The town had hoped to take advantage of LIPA’s plan to buy 50 megawatts of electricity from solar projects throughout Long Island at a rate of 22 cents per kilowatt/hour over the next 20 years.

During Tuesday’s Town Board work session Supervisor Scott Russell said LIPA was inundated with applications in the minutes after it opened up bidding on the solar projects.

Town attorney Martin Finnegan said Southold was competing against much larger projects and it didn’t seem to help that Southold submitted its application just 10 seconds after bidding opened.

“Hopefully they’ll reconsider the process,” Mr. Finnegan said.

Councilman Chris Talbot said it’s ironic that LIPA is struggling to add energy capacity to the East End but didn’t go with Southold’s project.

“You never know how things get chosen,” he said.

Mr. Russell said LIPA might have a higher comfort level with projects involving a developer they’ve worked with before, such as BP, which worked on a similar project several years ago at Brookhaven National Laboratory.

The town had authorized international firm Sun Edison, which has completed two landfill solar installations, to do the work, and would have received a lease payment of $150,000 per year from the energy company.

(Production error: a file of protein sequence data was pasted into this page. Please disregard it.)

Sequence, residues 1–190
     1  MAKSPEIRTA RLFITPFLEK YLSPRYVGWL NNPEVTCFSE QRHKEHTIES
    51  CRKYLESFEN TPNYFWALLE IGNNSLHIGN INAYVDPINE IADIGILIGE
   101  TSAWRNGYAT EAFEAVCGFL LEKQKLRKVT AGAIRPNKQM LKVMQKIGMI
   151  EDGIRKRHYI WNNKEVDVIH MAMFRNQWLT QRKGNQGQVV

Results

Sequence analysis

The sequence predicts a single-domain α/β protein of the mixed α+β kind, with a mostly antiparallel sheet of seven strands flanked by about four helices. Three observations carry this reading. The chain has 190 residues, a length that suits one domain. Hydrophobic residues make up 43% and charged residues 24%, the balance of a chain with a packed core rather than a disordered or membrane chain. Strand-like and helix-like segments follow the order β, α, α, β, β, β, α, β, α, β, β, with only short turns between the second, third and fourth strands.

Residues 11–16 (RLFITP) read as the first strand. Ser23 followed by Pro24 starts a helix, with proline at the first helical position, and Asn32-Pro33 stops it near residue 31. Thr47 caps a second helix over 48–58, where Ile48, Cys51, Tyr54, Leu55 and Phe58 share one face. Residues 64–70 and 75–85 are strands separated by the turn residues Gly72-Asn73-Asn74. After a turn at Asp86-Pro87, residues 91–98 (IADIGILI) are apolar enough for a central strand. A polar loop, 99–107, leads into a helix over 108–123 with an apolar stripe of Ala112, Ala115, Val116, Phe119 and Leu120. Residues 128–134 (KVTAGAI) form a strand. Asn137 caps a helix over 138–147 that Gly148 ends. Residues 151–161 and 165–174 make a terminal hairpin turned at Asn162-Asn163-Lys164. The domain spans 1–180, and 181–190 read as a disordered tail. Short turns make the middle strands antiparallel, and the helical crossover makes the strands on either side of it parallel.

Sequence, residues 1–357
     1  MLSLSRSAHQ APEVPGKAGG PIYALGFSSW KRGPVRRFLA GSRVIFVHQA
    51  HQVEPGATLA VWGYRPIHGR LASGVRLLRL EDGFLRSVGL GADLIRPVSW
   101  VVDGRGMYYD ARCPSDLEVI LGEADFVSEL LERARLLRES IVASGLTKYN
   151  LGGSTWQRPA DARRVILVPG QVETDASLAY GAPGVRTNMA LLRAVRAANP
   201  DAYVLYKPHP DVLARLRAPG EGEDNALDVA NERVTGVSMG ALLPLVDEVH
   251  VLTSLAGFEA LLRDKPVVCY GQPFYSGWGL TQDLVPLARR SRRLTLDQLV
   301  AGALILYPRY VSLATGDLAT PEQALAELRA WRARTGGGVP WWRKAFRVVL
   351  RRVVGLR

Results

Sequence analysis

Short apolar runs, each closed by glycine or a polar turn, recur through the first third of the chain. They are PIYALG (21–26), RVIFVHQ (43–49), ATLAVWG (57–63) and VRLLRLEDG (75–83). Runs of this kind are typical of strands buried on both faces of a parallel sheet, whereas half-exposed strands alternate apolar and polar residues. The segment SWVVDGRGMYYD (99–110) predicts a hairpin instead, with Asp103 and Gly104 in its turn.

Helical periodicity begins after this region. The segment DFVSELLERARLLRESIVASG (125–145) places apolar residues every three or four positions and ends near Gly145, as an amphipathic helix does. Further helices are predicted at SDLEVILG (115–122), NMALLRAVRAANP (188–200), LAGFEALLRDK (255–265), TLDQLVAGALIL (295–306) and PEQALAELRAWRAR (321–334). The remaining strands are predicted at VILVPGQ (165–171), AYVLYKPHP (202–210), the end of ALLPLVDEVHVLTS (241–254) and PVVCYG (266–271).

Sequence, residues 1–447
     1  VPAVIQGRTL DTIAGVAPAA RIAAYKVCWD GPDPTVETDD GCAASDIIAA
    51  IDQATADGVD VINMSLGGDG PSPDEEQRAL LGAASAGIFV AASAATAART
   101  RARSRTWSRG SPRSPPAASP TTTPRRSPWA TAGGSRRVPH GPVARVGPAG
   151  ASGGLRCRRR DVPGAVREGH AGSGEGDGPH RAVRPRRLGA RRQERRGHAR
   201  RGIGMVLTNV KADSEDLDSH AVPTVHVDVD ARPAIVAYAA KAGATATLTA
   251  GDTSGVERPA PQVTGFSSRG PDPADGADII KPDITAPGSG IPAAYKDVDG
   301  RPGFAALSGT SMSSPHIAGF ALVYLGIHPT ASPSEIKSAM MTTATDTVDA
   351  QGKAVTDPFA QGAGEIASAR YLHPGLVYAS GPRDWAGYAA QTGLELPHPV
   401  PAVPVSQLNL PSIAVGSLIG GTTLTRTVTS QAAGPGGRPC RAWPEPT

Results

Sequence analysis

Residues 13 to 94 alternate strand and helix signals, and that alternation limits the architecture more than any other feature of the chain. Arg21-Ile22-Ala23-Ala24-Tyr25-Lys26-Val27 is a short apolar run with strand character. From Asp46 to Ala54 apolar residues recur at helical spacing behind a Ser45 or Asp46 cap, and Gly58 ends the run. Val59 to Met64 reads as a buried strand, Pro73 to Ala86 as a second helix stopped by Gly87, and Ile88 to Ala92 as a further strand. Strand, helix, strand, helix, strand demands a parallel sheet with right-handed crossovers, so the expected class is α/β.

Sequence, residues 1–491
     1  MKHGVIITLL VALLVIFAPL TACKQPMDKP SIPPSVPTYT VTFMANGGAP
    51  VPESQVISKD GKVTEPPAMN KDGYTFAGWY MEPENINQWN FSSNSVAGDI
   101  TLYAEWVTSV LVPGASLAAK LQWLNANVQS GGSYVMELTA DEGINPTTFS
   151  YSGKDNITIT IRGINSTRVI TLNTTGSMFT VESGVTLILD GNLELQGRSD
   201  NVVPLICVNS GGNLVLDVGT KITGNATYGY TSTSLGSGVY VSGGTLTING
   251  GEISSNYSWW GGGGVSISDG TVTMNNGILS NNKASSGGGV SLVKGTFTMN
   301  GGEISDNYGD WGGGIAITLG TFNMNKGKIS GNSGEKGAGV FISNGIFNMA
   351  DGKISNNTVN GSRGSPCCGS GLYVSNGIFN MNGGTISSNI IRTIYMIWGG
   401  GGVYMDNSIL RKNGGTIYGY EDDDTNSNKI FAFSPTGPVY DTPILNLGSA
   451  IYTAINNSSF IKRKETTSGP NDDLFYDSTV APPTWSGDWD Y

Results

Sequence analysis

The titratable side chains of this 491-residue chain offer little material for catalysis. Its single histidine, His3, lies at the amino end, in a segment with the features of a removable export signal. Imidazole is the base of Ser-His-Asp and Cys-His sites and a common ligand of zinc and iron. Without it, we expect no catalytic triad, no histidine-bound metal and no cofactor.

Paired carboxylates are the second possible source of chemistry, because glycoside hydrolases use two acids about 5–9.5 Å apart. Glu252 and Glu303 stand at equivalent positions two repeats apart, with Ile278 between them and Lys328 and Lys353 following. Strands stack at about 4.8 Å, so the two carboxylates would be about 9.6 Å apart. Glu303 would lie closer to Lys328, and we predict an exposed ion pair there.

Mr. Russell said he hopes to continue discussion of what the town can do in the future to promote large-scale solar energy installations.

Tick Task Force Forms

County Legislator Ed Romaine has launched a tick-borne disease task force and hopes the group will have its next meeting at Southold Town Hall in September.

Mr. Romaine, who appeared before the Town Board Tuesday, said he’s been discussing declaring ticks a “vector” insect, which transmits disease pathogens, with county vector control director Dominick Ninivagi. Vector control currently works primarily to control mosquito populations.

Mr. Romaine formed a similar task force aimed at helping residents with Lyme disease several years ago.

Included in the task force’s considerations will be the possibility of greater management of the deer population.

The supervisor said he’s been trying to get the state Department of Environmental Conservation to treat deer as pests, not wildlife.

Mr. Romaine is asking residents to petition the New York City delegation to the state Legislature to end its opposition to categorizing deer as pests.


The Southold Fish Market has lost its lease at Port of Egypt and plans to move to the site of the former Hollister’s Restaurant, just east of and across the street from the old Mill Creek Inn on Route 25 in Greenport.

Fish market owner Charles Manwaring told the Town Board Tuesday that he will need to sell fish out of a temporary trailer while he renovates the building.

The renovations will require site plan review from the Planning Board, but the Town Board voted Tuesday night to allow him to place the temporary trailer at the site.

“I understand I have to go through site plan and all of that,” said Mr. Manwaring.

Mr. Manwaring told the board he hopes to close on the property later this week.